Global recommendations on physical activity for health, 2010. This in-depth report provides background on the health significance of physical activity, recommended levels of physical activity for different age groups and more. (World Health Organization, 2010)
Exercise Is Medicine, the American College of Sports Medicine
- Healthcare Provider Summary Sheet, including recommendations for conducting a physical activity assessment and offering an exercise prescription
- Healthcare Providers’ Action Guide, including exercise guides for patients with diabetes and patients with heart failure
Exercise & Health References. These scientific papers explore some of the research that informed The Sport Institute’s article “Movement, Play and Sports: What Are the Benefits?”
Female Athlete Resources
Exercise and Pregnancy
Exercise during Pregnancy and the Postpartum Period. The 2018 Physical Activity Guidelines for Americans contains a section on exercise recommendations during and after pregnancy. These include: doing 2 hour and 30 minutes of moderate-intensity aerobic activity each week, preferably spread throughout the week; and for women who regularly engaged in vigorous activity before pregnancy, continuing these activities during pregnancy and the postpartum period. (U.S. Department of Health & Human Services)
Blood Clot Risks and Prevention
Air Travel–Related Deep Vein Thrombosis and Pulmonary Embolism. One-page patient handout on factors that can increase the risk of blood clots during extended air travel, including sitting with bent knees for long periods without much activity. (Journal of the American Medical Association)
Ten Things People Should Know about Blood Clots. One-page handout on blood clots, including their symptoms, factors that increase the risk of having one, and blood thinners that can prevent and treat them. (American College of Sports Medicine)
Female Athlete Triad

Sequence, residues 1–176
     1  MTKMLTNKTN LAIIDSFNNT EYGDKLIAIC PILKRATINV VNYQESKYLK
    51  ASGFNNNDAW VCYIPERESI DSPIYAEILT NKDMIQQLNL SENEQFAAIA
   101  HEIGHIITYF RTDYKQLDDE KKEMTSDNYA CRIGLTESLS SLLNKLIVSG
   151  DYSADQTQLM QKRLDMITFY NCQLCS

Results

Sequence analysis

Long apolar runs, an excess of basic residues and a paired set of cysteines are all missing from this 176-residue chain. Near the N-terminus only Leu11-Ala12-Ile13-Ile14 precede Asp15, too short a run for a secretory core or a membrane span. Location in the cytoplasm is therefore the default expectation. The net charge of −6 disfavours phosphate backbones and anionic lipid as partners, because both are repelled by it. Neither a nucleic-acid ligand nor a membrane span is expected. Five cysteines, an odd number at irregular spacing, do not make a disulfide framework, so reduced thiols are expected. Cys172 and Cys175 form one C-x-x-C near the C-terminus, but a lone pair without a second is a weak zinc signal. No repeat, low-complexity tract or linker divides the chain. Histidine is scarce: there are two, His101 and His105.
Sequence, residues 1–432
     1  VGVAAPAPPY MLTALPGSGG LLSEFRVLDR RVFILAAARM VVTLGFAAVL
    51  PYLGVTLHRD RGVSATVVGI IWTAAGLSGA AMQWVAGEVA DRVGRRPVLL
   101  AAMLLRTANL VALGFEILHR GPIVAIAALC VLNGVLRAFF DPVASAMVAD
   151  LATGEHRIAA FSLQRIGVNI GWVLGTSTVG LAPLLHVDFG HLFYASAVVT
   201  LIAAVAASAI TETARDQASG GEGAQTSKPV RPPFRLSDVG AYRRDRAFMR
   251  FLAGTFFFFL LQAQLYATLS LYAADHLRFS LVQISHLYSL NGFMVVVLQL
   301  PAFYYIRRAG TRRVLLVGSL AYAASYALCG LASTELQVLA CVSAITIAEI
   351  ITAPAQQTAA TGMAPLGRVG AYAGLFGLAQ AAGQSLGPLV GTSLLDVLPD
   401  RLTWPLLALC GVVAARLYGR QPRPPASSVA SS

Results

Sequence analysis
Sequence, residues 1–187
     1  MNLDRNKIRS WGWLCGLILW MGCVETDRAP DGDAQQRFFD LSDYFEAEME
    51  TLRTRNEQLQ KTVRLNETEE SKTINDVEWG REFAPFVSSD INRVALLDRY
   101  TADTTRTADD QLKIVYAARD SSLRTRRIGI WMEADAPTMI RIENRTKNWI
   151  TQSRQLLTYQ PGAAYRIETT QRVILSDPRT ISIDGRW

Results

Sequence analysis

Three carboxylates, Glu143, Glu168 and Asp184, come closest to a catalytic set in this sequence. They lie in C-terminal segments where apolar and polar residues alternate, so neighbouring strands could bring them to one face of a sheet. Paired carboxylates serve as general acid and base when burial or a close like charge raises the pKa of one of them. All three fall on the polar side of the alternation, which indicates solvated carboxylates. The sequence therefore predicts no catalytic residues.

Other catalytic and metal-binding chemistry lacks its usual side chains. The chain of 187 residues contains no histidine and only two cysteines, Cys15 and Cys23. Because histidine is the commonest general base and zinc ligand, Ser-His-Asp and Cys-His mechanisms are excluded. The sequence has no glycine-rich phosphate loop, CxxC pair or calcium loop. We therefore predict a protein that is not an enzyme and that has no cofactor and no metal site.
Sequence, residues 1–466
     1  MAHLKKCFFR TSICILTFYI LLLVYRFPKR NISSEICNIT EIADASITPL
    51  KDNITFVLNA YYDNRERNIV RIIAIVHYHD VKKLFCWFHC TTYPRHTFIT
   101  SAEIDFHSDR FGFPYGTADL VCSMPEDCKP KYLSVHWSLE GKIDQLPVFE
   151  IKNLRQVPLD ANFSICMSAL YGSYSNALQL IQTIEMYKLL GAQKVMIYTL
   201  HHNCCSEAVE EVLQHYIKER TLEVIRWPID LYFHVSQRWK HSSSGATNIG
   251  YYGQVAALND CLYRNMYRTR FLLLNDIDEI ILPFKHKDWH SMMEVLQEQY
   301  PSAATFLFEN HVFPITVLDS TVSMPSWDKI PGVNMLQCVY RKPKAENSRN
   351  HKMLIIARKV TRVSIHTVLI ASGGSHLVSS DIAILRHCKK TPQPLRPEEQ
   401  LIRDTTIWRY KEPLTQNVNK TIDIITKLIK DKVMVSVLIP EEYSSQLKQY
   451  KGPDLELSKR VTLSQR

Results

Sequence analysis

- The Education Center for athletes provides resources to learn more about the amount of energy (food or calories) required to fuel your body’s needs, how the calories you consume affect your period and bone health, and tips for a healthy body.
- A two-page pamphlet for parents and coaches summarizes the female athlete triad, including how to recognize it and recommendations on treatment and prevention.
Food with Benefits. Two dietitian nutritionists explain how to gain a competitive edge with a “food-first” approach to fueling. (ACSM’s Health and Fitness Journal)
Fueling for Fitness. Food and fluid recommendations for before, during, and after exercise. (ACSM’s Health and Fitness Journal)
Female Athlete Issues for the Team Physician: A Consensus Statement—2017 Update. Written for team doctors, this summarizes the medical issues facing female athletes, including anterior cruciate ligament injuries, concussions, menstrual dysfunction, bone stress injuries, the female athlete triad and exercise before and during pregnancy.
2014 Female Athlete Triad Coalition Consensus Statement on Treatment and Return to Play of the Female Athlete Triad. Written for researchers and healthcare providers, this exhaustive document covers the research on the female athlete triad, including diagnosis and recommendations on treatment and return to play. (British Journal of Sports Medicine)
Injuries & Prevention Resources
General Injury Prevention
FIFA 11+ Kids. A video-guided set of 7 warmup exercises designed to be fun, prevent injuries and teach young players effective movement patterns for playing soccer. Exercises are progressively more complex based on athletes’ age and ability.
Female Athlete Issues for the Team Physician: A Consensus Statement-2017 Update. A paper reflecting the recommendations of doctors from the American College of Sports Medicine and other major medical societies on medical issues especially pertinent to female athletes, including ACL tears, patellofemoral (knee) pain, bone stress injuries and more.